Perseus Freeing Andromeda Peter Paul Rubens Buy Art Prints Now
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Tom Gurney BSc (Hons) is an art history expert with over 20 years experience
Published on June 19, 2020 / Updated on October 14, 2023
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Perseus Freeing Andromeda by Peter Paul Rubens was painted in 1622 as oil on panel. The painting depicts the famous Greek hero Perseus freeing Andromeda after her capture by the sea monster.

Perseus is the central figure of the painting, his red cloak contrasting vibrantly with the rest of the more neutral colour palette. He also wears his cuirass and helmet, whilst two cherubs assist him in untying Andromeda from her prison on the rock. On the left hand side of the painting, Ruben's depicts the flying horse, Pegasus, who was the mighty steed of the hero Perseus.

Two cherubs playfully sit on the winged horse's back, one helping the other to climb on top, whilst a third hold's Pegasus by the bridle. Perseus Freeing Andromeda by Peter Paul Rubens is twinned with a further painting of these two famous mythological characters, which was also painted in the same year, 1622.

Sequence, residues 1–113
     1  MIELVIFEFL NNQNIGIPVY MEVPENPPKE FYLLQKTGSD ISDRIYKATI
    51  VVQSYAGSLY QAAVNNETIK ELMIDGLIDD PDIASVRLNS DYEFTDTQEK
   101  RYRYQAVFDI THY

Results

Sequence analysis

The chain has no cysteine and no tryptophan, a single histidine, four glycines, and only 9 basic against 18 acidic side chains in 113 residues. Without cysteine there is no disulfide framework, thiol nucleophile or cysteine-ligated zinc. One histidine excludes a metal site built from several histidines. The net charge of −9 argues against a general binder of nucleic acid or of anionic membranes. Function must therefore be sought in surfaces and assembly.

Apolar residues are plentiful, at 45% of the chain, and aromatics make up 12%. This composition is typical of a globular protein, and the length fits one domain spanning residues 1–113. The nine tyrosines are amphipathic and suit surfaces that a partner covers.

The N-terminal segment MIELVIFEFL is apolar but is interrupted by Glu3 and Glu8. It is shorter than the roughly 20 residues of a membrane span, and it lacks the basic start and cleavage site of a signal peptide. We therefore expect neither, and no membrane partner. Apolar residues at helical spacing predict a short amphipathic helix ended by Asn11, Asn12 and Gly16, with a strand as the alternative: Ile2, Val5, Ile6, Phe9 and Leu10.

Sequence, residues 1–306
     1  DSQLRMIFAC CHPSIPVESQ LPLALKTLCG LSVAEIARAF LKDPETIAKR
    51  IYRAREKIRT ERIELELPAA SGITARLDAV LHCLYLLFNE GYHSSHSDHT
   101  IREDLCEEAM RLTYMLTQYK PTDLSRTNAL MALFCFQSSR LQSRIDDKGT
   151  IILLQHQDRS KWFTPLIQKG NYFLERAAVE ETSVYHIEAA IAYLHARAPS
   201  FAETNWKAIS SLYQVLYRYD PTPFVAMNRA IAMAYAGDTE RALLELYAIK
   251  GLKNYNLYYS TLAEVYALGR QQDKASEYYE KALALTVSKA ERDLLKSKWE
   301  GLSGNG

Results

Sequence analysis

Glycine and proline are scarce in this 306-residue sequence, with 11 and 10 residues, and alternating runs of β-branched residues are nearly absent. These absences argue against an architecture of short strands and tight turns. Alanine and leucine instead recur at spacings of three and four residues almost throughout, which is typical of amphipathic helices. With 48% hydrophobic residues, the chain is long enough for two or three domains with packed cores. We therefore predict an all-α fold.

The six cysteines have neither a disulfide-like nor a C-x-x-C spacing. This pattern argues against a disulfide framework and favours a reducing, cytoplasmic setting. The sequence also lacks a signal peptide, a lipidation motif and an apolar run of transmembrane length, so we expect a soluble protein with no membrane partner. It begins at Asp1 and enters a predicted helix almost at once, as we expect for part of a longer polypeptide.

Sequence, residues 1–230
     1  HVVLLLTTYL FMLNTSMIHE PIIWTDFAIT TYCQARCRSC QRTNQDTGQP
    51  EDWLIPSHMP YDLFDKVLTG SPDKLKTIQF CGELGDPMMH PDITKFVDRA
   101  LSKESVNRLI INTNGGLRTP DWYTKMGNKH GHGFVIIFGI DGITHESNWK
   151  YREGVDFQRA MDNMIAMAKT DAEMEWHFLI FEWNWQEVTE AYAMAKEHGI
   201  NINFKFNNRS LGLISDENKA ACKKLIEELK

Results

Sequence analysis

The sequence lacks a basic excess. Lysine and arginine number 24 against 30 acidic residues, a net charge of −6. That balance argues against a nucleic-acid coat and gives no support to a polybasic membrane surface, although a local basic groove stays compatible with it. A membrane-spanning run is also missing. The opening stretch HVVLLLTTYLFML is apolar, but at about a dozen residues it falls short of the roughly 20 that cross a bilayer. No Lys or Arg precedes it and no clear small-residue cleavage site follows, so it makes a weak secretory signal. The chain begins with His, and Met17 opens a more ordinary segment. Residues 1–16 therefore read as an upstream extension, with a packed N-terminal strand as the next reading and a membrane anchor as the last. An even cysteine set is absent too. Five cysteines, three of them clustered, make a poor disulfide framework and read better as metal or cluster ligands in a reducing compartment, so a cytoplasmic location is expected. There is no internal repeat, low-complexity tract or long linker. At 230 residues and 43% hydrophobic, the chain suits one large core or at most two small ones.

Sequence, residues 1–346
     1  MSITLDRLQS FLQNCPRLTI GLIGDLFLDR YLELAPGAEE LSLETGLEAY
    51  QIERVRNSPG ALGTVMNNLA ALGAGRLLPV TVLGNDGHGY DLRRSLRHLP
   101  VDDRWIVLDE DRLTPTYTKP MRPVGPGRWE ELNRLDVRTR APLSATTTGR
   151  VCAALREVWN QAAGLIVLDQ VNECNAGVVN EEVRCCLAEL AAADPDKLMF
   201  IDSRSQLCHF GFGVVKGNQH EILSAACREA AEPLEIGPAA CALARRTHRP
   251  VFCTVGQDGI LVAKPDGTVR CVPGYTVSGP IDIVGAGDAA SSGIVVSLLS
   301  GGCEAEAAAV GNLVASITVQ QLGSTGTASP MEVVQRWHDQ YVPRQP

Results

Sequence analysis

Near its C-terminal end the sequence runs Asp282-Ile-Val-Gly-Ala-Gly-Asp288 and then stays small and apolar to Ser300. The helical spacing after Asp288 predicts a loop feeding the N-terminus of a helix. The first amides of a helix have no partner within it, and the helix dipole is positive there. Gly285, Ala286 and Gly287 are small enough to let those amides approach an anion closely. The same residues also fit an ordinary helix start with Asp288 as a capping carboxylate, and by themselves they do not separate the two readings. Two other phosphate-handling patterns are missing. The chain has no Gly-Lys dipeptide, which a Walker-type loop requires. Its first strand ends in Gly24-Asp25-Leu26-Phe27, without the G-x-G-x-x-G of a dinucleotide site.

Painted in the finest Baroque tradition, Perseus Freeing Andromeda by Peter Paul Rubens captures a heightened sense of movement and colour, with even the naked figures of Andromeda and the cherubs a rich mix of pinks, yellows and blue hues within their natural skin tones. The central figure of Perseus with his red cloak is clearly meant to be the stand out central figure.

The scene is deeply sensual, with Perseus the only figure fully clothed, the captive Andromeda standing fully naked waiting to be freed from her terrible captor. There is also a great deal of movement to the scene too, something that the style of Baroque was famous for. There is the obvious movement as Perseus goes to untie Andromeda, his arms outstretched, her body arched towards him.

However, the addition of the cherubs also adds further movement to the artwork too, as they assist Perseus with his heroic endeavours. The decision to include Pegasus also adds a richness of movement to the scene too, with the winged horse's tail seeming to swish away at the two cherubs who are playfully riding him, whilst the hero unties the heroine. The bowed head of the horse and the use of the bridle also gives the idea of forward motion, that every creature in the painting is on the move.

Rubens was greatly inspired by the characters of Greek mythology, and they appear as the central characters in many of his works. As a humanist scholar, Ruben's classical education informs much of his works, which were prolific, with Ruben's painting over 1,403 pieces by the time of his death in 1640.